A popular addition to many gardens, lavender is recognisable for its spikes of purple, bee-friendly flowers and distinctive floral fragrance. Originating from North Africa and the Mediterranean, lavender is much more than just a pretty flower, however. For centuries, it has been used to treat a whole host of ailments, promoting health and wellbeing naturally.
Oil is extracted from lavender flowers to make an essential oil, which has many uses. Frequently, it is added to health and beauty products to invoke feelings of calm and soothing stress relief. Lavender essential oil is commonly used by massage therapists to create a relaxing massage experience, while a few drops of oil placed on a pillow is said to improve sleep quality. One study discovered that dental patients experienced lower anxiety levels when they were exposed to lavender oil fragrance.
Treat minor skin problems
Studies have found that lavender contains potent quantities of anti-inflammatory and antiseptic properties, making it invaluable in helping to treat minor skin issues, such as burns, bites and fungal infections. Scientists have also discovered that lavender oil can help to speed up the healing of wounds. It’s no wonder then that it is frequently added to many skin creams and lotions.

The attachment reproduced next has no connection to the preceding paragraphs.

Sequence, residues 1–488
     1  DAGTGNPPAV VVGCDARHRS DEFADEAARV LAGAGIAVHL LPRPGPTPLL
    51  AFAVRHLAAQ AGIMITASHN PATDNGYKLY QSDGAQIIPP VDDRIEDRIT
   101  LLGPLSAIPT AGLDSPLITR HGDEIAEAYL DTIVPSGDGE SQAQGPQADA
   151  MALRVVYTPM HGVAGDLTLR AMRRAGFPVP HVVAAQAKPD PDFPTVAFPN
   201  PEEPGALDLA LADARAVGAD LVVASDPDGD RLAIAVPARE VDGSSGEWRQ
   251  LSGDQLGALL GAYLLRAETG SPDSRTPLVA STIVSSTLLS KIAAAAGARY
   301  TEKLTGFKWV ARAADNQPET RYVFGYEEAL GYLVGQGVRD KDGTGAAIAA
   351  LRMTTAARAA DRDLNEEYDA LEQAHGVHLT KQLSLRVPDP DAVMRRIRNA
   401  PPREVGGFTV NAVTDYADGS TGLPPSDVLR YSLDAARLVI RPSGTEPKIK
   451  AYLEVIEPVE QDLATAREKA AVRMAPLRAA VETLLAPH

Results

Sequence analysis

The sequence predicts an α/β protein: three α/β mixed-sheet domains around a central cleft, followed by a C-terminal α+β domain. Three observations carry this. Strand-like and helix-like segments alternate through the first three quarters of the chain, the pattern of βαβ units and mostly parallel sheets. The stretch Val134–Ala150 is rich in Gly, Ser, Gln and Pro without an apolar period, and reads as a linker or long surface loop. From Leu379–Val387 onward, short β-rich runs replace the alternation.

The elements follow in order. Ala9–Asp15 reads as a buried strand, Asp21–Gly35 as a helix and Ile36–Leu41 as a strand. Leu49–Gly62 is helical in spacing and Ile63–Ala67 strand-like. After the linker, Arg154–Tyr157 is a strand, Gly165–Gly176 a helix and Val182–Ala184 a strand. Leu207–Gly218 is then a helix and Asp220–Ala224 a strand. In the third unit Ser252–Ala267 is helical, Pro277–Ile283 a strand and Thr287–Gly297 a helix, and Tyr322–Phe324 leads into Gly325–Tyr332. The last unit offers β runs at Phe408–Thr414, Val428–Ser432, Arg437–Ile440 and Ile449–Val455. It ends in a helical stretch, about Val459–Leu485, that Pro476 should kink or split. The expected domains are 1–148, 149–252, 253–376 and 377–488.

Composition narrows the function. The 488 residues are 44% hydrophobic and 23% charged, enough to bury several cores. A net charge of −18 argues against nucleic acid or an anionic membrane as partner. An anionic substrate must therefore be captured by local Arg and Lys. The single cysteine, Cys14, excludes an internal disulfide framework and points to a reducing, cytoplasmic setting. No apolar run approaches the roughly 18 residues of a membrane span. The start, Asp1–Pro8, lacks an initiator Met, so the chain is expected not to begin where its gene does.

Several studies point to the fact that lavender is effective at encouraging hair to grow, making it a useful remedy for those suffering from hair loss conditions such as alopecia. In fact, one study found that participants who applied lavender oil to their head for seven months noticed hair growth of up to 44%. As well as promoting hair growth, lavender – in combination with tea tree oil – is highly rated as a natural method for treating head lice.
Lavender is an analgesic and contains anti-inflammatory agents called linalyl acetate and linalool, which have proven to be helpful in easing aches and pains. For example, rubbing a few drops of lavender essential oil to the temples on the sides of the head can help to reduce headache and migraine symptoms. Some studies also conclude that aromatherapy using it can play a helpful role in lowering the intensity of pain during labour or ease aches associated with osteoarthritis.
Lavender essential oil should never be ingested, but you can consume the flowers, which can be made into teas or even used to add flavour in baking. You can readily find herbal teas containing it, but making your own infusion is easy enough. Simply steep a teaspoon of lavender flowers in boiling water for around 10 minutes, strain, and then drink the liquid. The infusion can help with digestive problems such as cramps, nausea, bloating and wind. In fact, in Germany, doctors prescribe the tea as a natural digestive aid to their patients.
Reduce diabetes symptoms
Although research is still very much in its infancy on this one, scientists in Tunisia discovered that lavender oil, when applied topically to the chest and neck area, displayed a reduction in symptoms in those with diabetes. This included stabilising blood sugar levels and protection against fat metabolism. With cases of type 2 diabetes rapidly rising across the globe, this initial research could pave the way for further investigations to treat this increasingly widespread condition.